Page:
The death toll in the Mumbai building collapse rose to 34 on Friday with 10 more bodies being pulled out from the debris since last night, police said.

The 117-year-old building in the congested Bhendi Bazaar area in south Mumbai came crashing down on Thursday morning, two days after torrential rain brought the maximum city to its knees.

Around 15 people injured in the collapse are undergoing treatment at the state-run JJ Hospital, a senior police official said.

The dead include 24 men, nine women and a 20-day-old child, police said.

The search operation by personnel of fire brigade, NDRF and the Mumbai civic body was on a war footing as they pulled out 10 bodies from under the rubble since Thursday night.

But the survivors and families of those still missing held on to hope, as neighbours and residents of the nearby societies helped search for people, served tea and biscuits and comforted the families.
Twenty-five-year-old Mohammed Rafiq recounts the horror, “I had come to collect my belongings last night before leaving for my native place in Uttar Pradesh this (Thursday) morning. I ran out as soon as I heard a loud noise,” Rafiq said.

Some people in his room were brushing teeth when they heard cries outside, “Run… the building is about to crumble.”

“I dont know how many people were there in the building. I ran out immediately. My mobile phone and bag remained inside, but I am relieved that I am alive,” he said.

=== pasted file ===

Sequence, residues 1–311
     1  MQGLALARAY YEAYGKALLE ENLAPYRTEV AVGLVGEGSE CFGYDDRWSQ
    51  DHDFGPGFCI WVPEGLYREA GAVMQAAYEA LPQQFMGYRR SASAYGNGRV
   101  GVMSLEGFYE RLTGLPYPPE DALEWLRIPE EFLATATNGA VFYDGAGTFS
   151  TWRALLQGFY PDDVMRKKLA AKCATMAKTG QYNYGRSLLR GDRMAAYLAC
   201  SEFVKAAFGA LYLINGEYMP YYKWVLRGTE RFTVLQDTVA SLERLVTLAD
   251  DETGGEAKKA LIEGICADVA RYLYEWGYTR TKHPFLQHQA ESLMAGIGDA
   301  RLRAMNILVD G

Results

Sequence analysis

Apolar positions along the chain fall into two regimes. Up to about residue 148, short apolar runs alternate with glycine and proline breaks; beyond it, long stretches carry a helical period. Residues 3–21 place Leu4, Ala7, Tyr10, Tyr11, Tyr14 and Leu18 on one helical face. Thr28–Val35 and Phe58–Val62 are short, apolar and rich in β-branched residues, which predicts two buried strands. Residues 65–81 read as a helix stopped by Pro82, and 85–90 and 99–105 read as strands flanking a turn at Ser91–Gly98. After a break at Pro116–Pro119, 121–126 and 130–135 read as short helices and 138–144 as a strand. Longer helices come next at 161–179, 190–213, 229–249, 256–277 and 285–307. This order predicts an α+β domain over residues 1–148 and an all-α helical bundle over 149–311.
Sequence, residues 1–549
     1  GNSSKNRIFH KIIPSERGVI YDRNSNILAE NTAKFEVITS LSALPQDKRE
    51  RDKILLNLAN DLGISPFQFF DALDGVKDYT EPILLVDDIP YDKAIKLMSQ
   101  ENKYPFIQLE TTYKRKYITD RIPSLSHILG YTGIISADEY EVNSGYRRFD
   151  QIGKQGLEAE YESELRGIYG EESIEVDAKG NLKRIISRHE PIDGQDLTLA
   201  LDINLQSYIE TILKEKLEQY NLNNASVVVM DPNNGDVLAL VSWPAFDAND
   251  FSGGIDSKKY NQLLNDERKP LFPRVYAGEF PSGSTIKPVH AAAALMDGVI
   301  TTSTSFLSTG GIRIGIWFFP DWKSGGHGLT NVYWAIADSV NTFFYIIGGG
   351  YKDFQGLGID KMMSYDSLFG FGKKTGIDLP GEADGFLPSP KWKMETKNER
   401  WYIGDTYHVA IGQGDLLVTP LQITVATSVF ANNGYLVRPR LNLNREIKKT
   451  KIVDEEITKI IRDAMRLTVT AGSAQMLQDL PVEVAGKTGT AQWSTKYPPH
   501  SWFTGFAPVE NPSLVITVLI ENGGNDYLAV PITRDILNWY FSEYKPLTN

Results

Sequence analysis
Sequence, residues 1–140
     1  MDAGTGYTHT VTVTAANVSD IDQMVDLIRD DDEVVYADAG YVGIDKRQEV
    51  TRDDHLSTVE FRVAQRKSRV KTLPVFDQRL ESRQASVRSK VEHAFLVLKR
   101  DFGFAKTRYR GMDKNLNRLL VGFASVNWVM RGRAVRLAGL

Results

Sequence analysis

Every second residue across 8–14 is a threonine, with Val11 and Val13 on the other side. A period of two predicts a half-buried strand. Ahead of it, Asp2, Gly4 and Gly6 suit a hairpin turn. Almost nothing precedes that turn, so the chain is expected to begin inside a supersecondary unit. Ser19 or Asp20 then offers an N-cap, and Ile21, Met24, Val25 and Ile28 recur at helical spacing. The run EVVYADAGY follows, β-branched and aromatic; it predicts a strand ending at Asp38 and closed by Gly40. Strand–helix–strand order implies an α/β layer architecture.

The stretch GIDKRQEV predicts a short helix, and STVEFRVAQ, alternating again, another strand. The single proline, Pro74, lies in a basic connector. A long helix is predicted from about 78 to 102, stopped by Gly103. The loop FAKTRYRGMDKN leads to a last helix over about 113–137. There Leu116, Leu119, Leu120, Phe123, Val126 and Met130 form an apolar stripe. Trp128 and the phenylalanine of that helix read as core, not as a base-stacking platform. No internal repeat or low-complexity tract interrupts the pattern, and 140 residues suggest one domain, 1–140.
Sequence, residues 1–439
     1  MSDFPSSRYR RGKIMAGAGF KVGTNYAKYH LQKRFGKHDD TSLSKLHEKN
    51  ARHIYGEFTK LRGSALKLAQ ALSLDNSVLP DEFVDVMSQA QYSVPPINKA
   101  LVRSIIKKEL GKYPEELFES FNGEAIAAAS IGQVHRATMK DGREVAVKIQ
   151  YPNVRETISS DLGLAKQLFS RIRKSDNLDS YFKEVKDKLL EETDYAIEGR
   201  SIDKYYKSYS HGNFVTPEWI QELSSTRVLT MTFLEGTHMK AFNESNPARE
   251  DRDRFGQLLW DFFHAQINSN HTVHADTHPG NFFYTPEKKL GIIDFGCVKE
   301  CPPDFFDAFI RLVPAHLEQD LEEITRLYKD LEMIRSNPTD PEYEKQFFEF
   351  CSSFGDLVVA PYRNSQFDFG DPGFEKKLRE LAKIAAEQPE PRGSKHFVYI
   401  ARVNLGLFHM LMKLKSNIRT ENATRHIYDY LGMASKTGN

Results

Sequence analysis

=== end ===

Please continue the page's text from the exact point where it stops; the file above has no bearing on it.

Another man, living in the opposite building, said, “The incident happened at around 8.30 am. There was a big noise. When we heard it, we came out and saw that the building had crumbled like a pack of cards.”

Located in the congested Muslim-dominated Pakmodia Street, the dilapidated Husaini Building housed several families and godowns.

It also housed a play school but children had not arrived yet when the tragedy occurred.

According to fire brigade officials, some nine families lived in the five-storey building.

The officials said that efforts were underway to rescue more people who might be trapped in the debris.

The tragedy struck barely two days after torrential rain brought the city to its knees, crippling road, rail and air services, inundating homes and leaving at least 10 people dead. Many suspect the downpour caused further damage to the ramshackle structure, causing its crash.

Some residents claimed that about 40 people belonging to nine families lived in crammed rooms in the structure, which was declared “unsafe” by the Maharashtra Housing and Area Development Authority (MHADA).

The Saifee Burhani Upliftment Trust (SBUT), which was to have undertaken redevelopment of the old structure, said the building housed a total of 13 tenants — 12 residential and one commercial.

“Of them, the trust had already shifted seven families in 2013-14”, it said in a statement.

“MHADA notices dated 28 March and 20 May, 2011, declaring the building dilapidated, were issued along with an offer of transit accommodation to the remaining tenants and occupants,” it said.

Maharashtra Chief Minister Devendra Fadnavis on Thursday visited the spot and announced a solatium of Rs five lakh each for the next of kin of the deceased.

He also said that the entire medical expenses of those injured will be borne by the state government.

This was the second major building collapse in the city in just over a month, after the crash of a residential complex in suburban Ghatkopar on 25 July, which left 17 people dead.